Top-Down Modulation of Motor Priming by Belief about Animacy: A Registered Replication Report

Publikation: Beiträge in ZeitschriftenZeitschriftenaufsätzeForschungbegutachtet


Research has shown that people automatically imitate others and that this tendency is stronger when the other person is a human compared with a nonhuman agent. However, a controversial question is whether automatic imitation is also modulated by whether people believe the other person is a human. Although early research supported this hypothesis, not all studies reached the same conclusion and a recent meta-analysis found that there is currently neither evidence in favor nor against an influence of animacy beliefs on automatic imitation. One of the most prominent studies supporting such an influence is the study by Liepelt and Brass (2010), who found that automatic imitation was stronger when participants believed an ambiguous, gloved hand to be human, as opposed to wooden. In this registered report, we provide a high-powered replication of this study (N = 199). In contrast to Liepelt and Brass (2010), we did not find an effect of animacy beliefs on automatic imitation. However, we did find a correlation between automatic imitation and perceived self-other similarity. Together, these results suggest that the gloved hand procedure does not reliably influence automatic imitation, but interindividual differences in perceived similarity do.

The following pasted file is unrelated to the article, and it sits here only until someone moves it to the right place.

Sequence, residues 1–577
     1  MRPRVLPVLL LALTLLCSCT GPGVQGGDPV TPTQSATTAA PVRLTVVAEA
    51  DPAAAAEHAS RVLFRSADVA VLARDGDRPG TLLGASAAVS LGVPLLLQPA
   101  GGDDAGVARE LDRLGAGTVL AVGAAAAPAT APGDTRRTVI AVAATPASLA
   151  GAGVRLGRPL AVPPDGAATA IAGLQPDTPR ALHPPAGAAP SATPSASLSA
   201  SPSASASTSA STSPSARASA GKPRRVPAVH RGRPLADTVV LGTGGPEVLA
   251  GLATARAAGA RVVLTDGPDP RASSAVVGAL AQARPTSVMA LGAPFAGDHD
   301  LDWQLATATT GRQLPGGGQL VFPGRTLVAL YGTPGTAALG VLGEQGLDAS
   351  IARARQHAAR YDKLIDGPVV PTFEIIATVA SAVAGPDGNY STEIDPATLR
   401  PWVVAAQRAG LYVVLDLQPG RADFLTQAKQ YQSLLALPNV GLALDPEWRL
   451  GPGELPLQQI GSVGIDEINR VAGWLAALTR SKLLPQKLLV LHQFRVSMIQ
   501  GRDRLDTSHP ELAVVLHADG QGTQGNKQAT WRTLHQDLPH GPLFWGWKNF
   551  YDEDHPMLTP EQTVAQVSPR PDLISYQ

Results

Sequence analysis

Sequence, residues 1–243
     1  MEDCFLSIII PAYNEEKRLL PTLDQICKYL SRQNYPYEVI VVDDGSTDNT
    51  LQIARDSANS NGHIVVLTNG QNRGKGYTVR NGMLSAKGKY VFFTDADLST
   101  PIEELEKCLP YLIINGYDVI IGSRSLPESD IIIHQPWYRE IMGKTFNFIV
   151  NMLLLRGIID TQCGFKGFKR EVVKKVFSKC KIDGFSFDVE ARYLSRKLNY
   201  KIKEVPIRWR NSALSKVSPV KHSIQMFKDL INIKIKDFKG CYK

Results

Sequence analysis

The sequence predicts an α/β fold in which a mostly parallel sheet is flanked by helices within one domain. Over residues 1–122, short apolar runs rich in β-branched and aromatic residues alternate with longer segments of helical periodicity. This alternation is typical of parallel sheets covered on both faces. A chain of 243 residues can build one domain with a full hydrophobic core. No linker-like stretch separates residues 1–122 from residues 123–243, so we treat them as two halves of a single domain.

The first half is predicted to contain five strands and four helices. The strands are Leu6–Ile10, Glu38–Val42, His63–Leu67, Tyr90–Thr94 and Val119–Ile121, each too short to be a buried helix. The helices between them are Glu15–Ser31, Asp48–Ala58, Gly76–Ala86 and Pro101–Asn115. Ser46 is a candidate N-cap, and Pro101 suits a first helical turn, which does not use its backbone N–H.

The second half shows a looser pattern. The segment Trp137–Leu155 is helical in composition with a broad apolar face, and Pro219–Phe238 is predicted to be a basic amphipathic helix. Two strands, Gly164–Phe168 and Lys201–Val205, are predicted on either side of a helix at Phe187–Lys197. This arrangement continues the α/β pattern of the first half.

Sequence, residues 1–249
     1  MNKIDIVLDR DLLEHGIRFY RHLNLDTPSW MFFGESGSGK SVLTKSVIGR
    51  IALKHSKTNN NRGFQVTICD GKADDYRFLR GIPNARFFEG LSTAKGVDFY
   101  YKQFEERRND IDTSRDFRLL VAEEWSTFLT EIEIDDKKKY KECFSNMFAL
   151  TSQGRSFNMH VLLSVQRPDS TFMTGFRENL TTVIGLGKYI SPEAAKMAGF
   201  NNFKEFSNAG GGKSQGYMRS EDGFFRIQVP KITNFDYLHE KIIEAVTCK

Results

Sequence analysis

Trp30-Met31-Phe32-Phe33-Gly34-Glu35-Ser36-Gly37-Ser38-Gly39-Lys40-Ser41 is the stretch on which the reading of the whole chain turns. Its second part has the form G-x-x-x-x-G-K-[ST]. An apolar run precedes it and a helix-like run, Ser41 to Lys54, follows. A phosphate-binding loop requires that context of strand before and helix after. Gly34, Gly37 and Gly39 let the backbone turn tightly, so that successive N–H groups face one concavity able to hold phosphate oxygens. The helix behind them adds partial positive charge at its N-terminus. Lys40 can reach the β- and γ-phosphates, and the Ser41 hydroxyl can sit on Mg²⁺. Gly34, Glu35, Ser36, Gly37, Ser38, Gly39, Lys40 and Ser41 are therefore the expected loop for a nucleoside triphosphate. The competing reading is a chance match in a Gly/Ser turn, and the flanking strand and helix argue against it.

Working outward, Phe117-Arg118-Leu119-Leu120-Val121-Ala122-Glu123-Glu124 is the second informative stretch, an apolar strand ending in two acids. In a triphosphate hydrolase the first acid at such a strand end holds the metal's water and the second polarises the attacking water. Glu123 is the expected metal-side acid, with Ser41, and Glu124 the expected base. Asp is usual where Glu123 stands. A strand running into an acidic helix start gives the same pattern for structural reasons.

ZeitschriftExperimental Psychology
Seiten (von - bis)355-365
Anzahl der Seiten11
PublikationsstatusErschienen - 01.11.2023

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